City officials received the green light Monday from the Vancouver City Council to continue pursuing a Safe Stay Community in downtown Vancouver.
The move caused further tension among those who believe the site will be the demise of downtown’s core, while the site’s proponents said fear cannot dictate employing effective means of resolving the area’s homelessness.
The former site of New Heights Church, 415 W. 11th St., was identified as an ideal location for this third Safe Stay Community, which has been under consideration for more than a month. The now vacant lot, northwest of the intersection of West Evergreen Boulevard and Daniels Street, was tagged as a prime spot for its proximity to public transportation and social services.
Vancouver’s Safe Stay Communities have 20 modular shelters that can house up to 40 people, who will have access to services that help them transition out of homelessness. On-site staff occupy the communities 24/7.
The third Safe Stay Community’s draft design includes a fenced area with shelter spots, a laundry room, an office, community spaces, storage sheds and a parking area. A potential timeline outlines construction lasting through December, with the site anticipated to open in mid-January.
Jamie Spinelli, the city’s homeless resources manager, said placing a Safe Stay Community in downtown Vancouver is the best tool the city can provide to mitigate the high rate of homelessness in the area, while also reducing prohibited camping nearby with buffer zones.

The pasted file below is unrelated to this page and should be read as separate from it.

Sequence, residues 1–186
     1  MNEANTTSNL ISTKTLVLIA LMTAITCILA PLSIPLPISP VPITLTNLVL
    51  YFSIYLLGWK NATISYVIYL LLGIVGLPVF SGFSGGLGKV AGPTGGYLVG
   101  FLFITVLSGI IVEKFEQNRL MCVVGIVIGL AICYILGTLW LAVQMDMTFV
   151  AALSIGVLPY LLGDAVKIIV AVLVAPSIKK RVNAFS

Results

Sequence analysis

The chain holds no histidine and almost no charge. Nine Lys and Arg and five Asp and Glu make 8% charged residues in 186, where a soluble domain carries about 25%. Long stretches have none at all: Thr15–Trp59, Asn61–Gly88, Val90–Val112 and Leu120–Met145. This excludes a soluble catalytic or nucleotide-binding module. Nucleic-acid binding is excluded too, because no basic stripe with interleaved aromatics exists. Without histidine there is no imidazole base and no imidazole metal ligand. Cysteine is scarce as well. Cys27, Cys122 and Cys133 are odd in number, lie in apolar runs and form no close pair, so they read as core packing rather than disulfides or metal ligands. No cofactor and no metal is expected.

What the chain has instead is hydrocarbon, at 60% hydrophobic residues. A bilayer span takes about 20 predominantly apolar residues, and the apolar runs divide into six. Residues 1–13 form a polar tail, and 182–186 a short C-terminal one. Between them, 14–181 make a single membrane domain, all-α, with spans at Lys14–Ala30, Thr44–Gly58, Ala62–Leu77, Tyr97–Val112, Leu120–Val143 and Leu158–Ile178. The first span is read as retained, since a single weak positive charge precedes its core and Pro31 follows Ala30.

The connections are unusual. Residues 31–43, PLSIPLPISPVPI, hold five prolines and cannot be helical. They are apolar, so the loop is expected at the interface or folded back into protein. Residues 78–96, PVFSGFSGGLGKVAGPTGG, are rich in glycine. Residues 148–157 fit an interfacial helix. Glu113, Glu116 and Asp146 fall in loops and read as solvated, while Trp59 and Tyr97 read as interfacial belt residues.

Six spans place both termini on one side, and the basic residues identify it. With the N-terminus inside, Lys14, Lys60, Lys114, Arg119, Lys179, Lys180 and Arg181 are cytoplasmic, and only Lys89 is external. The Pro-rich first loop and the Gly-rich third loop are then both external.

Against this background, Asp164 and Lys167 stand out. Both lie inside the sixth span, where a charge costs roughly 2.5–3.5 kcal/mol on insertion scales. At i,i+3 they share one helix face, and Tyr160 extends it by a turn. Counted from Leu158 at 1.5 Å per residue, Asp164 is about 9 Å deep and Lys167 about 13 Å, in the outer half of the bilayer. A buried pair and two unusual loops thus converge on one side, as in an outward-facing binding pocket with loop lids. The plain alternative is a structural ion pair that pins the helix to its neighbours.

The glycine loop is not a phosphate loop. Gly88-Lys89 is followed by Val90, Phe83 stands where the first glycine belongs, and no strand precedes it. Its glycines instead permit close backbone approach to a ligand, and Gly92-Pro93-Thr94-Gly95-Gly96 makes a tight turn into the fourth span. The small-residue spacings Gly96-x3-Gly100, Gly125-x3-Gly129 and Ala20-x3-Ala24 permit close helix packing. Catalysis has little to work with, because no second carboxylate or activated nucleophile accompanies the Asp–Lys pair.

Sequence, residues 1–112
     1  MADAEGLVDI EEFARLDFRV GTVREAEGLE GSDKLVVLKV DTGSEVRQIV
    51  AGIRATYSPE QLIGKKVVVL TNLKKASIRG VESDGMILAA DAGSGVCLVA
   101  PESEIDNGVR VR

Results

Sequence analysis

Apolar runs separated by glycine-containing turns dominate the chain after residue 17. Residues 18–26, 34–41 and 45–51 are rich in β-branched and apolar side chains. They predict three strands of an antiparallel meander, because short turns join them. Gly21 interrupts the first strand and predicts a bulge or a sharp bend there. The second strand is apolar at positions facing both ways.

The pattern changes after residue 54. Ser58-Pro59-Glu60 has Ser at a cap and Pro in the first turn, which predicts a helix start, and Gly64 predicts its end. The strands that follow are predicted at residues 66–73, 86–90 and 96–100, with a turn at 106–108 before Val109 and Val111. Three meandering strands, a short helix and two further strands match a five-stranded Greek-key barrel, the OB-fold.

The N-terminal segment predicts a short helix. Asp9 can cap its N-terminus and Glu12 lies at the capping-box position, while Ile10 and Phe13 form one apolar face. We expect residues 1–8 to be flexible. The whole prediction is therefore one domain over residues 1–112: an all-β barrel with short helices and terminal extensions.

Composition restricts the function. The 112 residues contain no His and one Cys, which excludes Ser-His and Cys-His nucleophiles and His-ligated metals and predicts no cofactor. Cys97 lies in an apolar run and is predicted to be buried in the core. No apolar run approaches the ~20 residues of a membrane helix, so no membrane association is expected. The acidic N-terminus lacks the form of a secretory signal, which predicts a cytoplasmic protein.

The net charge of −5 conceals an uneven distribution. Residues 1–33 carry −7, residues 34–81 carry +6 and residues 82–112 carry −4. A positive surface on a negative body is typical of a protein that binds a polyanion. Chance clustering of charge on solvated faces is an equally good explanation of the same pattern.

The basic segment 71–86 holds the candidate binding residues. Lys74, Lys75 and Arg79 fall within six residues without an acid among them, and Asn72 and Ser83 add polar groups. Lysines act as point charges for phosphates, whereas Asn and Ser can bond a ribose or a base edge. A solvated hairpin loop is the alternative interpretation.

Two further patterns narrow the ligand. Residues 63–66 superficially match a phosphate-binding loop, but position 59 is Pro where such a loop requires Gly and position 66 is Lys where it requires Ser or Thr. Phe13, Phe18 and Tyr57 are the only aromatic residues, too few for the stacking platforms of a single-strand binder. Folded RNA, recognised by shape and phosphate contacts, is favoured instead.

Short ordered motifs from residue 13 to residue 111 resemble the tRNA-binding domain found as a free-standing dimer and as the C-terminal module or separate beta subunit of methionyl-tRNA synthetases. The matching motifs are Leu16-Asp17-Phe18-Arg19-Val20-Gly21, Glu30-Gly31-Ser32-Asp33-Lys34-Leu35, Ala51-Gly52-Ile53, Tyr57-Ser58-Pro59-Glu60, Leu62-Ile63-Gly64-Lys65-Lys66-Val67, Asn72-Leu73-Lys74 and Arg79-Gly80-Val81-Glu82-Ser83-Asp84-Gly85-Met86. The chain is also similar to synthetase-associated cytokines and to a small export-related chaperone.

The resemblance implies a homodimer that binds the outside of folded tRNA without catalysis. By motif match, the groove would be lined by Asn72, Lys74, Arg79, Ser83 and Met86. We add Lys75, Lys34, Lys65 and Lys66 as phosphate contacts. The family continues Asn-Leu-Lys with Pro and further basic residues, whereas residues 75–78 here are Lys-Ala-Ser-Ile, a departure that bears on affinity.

Vancouver police and the city’s Homeless Assistance and Resources Team will be directed to enforce a camping ban within 1,000 feet of 415 W. 11th St. — from about Harney to Main streets, west to east, and East 15th Street to Esther Short Park, north to south. (The Columbian’s office and printing plant, at 701 W. Eighth St., is near the edge of the zone.)
The city will send a resource guide to neighboring homes and businesses containing contact information for the homeless response team, a police liaison, a litter removal service and Outsiders Inn, the site’s operator.
In mid-September, the Vancouver City Council approved a temporary license agreement with the lot owner, Edward C. Lynch Estate, and hosted multiple community feedback sessions leading to Monday’s recommendation.
City staff said they received more than 185 comments online relating to the third Safe Stay Community, with more than 140 people attending one or more of four information sessions. Others toured the city’s existing transitional villages in the North Image neighborhood, 11400 N.E. 51st Circle, and in the Fourth Plain corridor, 4915 E. Fourth Plain Blvd.
But residents and local businesses who were present at the Monday council meeting were still wary of this transitional village coming downtown. They shared concerns about crime and the prospect of the site attracting more unsheltered people to downtown’s core, therefore hindering businesses and property values. The site’s design could also draw unflattering attention when juxtaposed with the city’s existing buildings, participants said.
“If the site is built here, I can’t imagine that we will be able to keep or we will want to keep our business in the heart of downtown being affected daily by the goings on of dislocation,” said James Couch of Vancouver.
Participants were dubious of the city’s process in creating its recommendation, adding that it hasn’t been a transparent process.